• Abdel Mukhtarov, singer and LGBT rights activist[18][19]
  • Adil Liyan, producer/journalist
  • Altynai Kambekova, LGBT rights activist[20]
  • Anatoly Chernousov, LGBT rights activist[21]
  • Amir Shaikezhanov, LGBT rights activist
  • Binazir Ermaganbetova, humour blogger/singer[22]
  • Daniyar Sabitov, LGBT rights activist[23]
  • Farema Kazakpayeva, singer[24]
  • Gasan Akhmedov, LGBT rights activist[25]
  • Gulzada Serzhan, LGBT rights activist[26]
  • Natasha Maximova, the Kazakh-born first transgender woman on a magazine cover in Russia.[27][28]
  • Ninety One, Q-pop boy band[29]
  • Nurbibi Nurkadilova, LGBT rights activist and Zamanbek Nurkadilov's granddaughter[30]
  • Nurlan Alimkhodzhaev, visagiste[31]
  • Zarina Baibolova, stand-up comedian[32][33]
  • Yan Ray, fashion photographer
  • Zhanar Sekerbayeva, LGBT rights activist[34]
  • Ziruza, Q-pop singer/songwriter[35]

Summary table[edit]

Yes/No Notes
Same-sex sexual activity
Same-sex sexual activity legal No Since 1997 de facto, since 1998 de jure, nationwide[36] (Lesbianism was never a criminal offence)
Age of consent equalised and full legalisation (16) Yes Since 1997
Discrimination laws
Anti-discrimination laws in employment only No
Anti-discrimination laws in the provision of goods and services No
Anti-discrimination laws in the media No
Anti-discrimination laws in all other areas (incl. indirect discrimination, hate speech) No
Anti-discrimination laws concerning gender identity in all areas No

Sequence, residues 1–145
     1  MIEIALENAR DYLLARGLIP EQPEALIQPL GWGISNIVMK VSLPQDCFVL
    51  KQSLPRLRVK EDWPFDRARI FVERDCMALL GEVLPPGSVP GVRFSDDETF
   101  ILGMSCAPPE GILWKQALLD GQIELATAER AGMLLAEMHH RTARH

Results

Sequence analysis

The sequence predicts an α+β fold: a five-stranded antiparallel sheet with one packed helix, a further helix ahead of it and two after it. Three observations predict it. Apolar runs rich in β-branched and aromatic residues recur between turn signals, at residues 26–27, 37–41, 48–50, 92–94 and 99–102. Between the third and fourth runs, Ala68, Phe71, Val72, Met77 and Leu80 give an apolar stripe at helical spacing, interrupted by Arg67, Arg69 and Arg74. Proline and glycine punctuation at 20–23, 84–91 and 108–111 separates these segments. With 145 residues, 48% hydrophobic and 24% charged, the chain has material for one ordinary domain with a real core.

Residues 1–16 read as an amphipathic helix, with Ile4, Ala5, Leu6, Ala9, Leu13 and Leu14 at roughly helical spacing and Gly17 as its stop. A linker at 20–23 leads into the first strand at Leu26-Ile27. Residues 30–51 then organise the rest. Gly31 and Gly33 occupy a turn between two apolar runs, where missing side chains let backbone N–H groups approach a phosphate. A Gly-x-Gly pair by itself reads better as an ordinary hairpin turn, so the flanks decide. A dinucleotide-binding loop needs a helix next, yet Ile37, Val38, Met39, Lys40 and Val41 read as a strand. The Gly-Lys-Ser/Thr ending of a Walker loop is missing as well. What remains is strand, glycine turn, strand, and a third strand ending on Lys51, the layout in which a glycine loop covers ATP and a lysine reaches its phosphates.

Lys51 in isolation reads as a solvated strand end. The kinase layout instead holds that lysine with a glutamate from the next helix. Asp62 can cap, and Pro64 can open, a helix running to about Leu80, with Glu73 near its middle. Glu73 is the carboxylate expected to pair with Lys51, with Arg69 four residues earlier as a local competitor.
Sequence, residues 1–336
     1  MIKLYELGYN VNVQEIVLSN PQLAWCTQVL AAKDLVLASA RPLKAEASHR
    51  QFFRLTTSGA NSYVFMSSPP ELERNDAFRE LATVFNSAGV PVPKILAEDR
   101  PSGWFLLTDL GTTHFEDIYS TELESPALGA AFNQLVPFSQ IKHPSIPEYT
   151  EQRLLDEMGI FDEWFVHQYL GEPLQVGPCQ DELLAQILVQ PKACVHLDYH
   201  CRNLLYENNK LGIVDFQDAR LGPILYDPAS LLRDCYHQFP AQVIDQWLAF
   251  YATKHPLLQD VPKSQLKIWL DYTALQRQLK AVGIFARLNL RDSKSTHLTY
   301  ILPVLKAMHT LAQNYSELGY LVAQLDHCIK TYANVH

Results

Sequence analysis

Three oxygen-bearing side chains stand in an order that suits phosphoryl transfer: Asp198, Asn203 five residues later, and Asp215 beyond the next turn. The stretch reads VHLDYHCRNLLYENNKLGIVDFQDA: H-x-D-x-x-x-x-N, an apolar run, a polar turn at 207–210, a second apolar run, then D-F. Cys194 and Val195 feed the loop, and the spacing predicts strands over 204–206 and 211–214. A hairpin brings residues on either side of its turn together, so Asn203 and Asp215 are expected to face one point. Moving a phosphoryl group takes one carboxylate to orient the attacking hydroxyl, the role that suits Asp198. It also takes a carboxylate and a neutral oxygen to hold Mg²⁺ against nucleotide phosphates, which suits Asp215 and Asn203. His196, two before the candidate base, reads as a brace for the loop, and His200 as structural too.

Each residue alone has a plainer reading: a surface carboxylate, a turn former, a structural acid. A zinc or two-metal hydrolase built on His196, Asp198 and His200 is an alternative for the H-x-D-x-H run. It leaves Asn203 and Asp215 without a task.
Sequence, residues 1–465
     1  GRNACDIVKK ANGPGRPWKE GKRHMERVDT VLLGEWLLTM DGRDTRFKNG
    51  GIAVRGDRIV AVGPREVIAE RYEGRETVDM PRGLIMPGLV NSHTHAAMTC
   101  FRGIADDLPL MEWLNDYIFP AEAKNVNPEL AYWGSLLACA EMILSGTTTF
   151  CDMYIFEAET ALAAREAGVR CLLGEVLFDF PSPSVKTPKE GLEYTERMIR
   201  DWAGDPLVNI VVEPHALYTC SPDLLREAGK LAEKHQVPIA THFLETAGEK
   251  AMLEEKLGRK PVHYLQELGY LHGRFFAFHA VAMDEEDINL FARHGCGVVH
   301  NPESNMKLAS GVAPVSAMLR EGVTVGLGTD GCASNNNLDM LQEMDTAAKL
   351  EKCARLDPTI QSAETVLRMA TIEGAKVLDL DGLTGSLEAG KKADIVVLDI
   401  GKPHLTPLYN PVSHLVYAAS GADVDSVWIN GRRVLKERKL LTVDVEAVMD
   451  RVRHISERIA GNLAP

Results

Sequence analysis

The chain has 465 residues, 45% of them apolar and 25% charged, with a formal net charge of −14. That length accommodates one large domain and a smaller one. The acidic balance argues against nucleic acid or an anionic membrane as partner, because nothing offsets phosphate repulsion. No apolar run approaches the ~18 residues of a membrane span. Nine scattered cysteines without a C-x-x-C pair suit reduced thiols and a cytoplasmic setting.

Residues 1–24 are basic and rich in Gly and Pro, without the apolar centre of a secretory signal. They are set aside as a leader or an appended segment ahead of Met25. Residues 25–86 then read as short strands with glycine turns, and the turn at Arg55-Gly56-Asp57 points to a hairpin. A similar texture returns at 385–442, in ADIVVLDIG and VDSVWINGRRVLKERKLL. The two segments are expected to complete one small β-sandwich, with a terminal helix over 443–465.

LGBT sex education and relationships taught in schools No
Hate crime law includes sexual orientation and gender identity No
Same-sex unions
Same-sex marriages No Code on Marriage and Family explicitly bans persons of the same sex from marrying each other.[37]
Recognition of same-sex couples (e.g. unregistered cohabitation, life partnership) No
Adoption and children
Adoption by single homosexuals in Kazakhstan or (in case of Kazakhstani children) in foreign countries that do not recognise same-sex marriage Yes No restrictions based on sexual orientation for single people to adopt
Adoption of Kazakhstani children by single homosexuals or same-sex couples in foreign countries that do recognise same-sex marriage Yes
Stepchild adoption by same-sex couples No
Joint adoption by same-sex couples No
Access to IVF for lesbians and automatic parenthood for both spouses after birth No Only for married couples and single women may access IVF treatments
Commercial surrogacy for gay male couples No Both altruistic and commercial surrogacies are not banned and legal for heterosexual couples
Military service
LGBT people allowed to serve openly in the military Yes Since 2022[38]
Transgender rights
Right to change legal gender Yes Since 2003; but requires sex reassignment surgery, sterilization, hormone therapy and medical examinations
Transgender identity declassified as an illness No
Ability to change legal gender without a psychiatric or psychological evaluation No
Ability to change legal gender without court approval No
Ability to change legal gender for minors No
Ability to change legal name without a psychiatric or psychological evaluation No
Transgender people can change gender marker without sterilisation No
Right to change legal gender without having to end marriage No
Third gender option No
Conversion therapy banned on minors No
Homosexuality declassified as an illness No
MSMs allowed to donate blood Yes Legal

See also[edit]